National Knowledge Commission
हिन्दी বাংলা অসমীয়া অসমীয়া ಕನ್ನಡ
ارد و தமிழ் नेपाली মণিপুরী ଓଡ଼ିଆ ગુજરાતી


July 5, 2007

Dear Mr. Prime Minister,

The National Knowledge Commission identified the role of innovation as one of the key factors in India’s economic growth. Innovation is a process to achieve measurable value enhancement in any commercial activity, through introduction of new or improved goods, services, operational and organizational processes. It is a significant factor in facilitating competitiveness, improvement in market share and quality as well as reduction in costs.

NKC conducted a nationwide survey among large firms, as well as small and medium enterprises to explore the role being played by innovation in fuelling India’s economic growth. The NKC Survey reveals that Innovation Intensity (i.e. the percentage of revenue derived from products/ services which are less than 3 years old) has increased for large firms as well as small and medium enterprises. The strategic prioritization of innovation as a factor critical to growth and competitiveness has also achieved significant prominence since the start of economic liberalization in India. The NKC Survey further highlights crucial parameters at the firm level that have enabled some firms to be more innovative than others, including the role of structural frameworks and processes. It is expected that dissemination of the survey results across India’s industrial spectrum will highlight best practices in industry and thereby also generate catalytic impact on a wider scale.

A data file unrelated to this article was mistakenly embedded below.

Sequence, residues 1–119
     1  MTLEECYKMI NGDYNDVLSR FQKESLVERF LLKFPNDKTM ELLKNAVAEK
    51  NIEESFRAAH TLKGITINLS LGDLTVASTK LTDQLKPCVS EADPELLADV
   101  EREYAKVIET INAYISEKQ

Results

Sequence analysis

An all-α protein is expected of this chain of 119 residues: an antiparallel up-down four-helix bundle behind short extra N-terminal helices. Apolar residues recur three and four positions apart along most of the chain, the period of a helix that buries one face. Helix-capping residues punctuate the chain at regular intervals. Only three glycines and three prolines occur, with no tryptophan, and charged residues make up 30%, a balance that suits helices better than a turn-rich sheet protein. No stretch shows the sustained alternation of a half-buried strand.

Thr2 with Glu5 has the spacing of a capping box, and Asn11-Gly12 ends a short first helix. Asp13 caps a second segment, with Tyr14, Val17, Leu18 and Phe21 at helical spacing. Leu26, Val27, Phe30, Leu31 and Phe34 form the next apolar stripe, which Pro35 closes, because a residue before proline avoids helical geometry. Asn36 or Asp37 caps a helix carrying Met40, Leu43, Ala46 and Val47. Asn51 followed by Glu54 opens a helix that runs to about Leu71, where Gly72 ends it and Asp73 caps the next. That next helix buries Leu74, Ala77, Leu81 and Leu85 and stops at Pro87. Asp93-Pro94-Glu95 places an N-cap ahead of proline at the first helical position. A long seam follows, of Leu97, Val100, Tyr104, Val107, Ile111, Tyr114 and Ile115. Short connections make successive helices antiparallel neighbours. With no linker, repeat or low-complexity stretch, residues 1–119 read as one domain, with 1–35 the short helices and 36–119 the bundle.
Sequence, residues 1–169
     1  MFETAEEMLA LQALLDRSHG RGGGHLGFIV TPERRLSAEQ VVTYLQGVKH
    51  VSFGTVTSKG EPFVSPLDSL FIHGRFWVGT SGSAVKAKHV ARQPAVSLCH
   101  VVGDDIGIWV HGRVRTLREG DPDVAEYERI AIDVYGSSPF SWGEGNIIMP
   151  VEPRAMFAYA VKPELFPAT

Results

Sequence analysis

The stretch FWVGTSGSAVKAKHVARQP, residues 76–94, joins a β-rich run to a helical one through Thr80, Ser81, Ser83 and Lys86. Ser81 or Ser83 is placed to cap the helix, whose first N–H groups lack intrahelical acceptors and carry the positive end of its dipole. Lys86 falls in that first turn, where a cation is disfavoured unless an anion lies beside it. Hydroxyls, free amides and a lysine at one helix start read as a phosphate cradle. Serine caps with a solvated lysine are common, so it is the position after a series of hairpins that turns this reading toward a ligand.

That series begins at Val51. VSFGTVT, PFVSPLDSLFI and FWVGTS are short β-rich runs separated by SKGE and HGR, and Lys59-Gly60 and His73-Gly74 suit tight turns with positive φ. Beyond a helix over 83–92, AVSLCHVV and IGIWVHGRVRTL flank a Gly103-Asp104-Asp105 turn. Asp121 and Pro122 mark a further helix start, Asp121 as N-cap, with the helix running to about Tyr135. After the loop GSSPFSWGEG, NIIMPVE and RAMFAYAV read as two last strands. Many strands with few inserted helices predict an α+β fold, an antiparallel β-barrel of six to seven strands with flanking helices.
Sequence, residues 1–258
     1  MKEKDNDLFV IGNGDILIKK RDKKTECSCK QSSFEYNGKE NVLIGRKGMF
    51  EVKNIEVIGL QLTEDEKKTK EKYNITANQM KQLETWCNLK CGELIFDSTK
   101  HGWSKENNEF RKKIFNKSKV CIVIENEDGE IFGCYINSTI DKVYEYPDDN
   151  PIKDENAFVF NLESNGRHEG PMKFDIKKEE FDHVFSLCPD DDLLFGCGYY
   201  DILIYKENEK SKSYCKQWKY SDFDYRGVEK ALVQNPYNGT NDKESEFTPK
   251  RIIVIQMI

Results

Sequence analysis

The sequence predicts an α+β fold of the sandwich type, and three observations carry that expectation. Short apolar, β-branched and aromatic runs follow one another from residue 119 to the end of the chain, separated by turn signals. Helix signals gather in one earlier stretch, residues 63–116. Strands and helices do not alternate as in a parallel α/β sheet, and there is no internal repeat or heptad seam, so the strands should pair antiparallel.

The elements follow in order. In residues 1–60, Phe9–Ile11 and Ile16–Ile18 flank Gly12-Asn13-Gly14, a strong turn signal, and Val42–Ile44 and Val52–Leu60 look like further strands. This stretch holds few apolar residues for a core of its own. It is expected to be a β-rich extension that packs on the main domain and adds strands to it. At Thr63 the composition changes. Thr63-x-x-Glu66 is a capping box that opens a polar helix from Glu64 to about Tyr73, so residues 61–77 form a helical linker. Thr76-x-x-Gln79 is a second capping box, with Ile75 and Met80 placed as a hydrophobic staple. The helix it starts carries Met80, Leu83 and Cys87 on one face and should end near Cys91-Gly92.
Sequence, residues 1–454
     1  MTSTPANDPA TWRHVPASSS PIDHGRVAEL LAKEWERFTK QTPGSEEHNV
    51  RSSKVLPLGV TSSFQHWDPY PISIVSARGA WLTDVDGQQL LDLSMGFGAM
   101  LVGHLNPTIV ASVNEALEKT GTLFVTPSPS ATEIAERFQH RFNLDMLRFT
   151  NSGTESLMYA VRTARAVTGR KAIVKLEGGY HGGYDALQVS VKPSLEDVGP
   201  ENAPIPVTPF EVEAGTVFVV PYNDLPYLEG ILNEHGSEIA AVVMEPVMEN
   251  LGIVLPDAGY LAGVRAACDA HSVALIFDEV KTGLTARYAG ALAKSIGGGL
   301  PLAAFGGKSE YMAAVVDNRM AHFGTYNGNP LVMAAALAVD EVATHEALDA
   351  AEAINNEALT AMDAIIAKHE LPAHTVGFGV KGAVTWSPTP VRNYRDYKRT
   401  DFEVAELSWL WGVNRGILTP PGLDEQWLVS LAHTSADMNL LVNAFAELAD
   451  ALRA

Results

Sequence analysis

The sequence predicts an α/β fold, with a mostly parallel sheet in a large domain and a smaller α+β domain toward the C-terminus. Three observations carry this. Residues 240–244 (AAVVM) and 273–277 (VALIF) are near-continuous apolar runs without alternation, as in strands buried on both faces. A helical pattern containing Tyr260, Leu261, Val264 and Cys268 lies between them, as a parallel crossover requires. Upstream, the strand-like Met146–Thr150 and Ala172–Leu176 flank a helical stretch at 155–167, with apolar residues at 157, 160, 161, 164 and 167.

However, it is pertinent to point out that the most critical external barrier for both large firms and small and medium enterprises is skill shortage arising out of lack of emphasis on industrial innovation, problem-solving, design, experimentation, etc in the education curricula. There is also need for more effective collaboration between industry, universities and R&D institutions. Systematic reform of the higher education system (including skill based marketable vocational education) in India is essential to develop the required intellectual capital as well as generate effective synergies among industry, government, the educational system, the R&D environment and the consumer. Innovation is a complex activity that requires widespread interaction across the entire economy, from the grassroots to the large firm level. We recommend a comprehensive campaign to address these issues and to spur efforts to make India a global leader in innovation.

Thank you and warm personal regards,

Sam Pitroda,
The National Knowledge Commission

Copy to: Dr. Montek Singh Ahluwalia, Deputy Chairman, Planning Commission
Mr. Kamal Nath, Minister for Commerce and Industry
Mr. Kapil Sibal, Minister for Science and Technology


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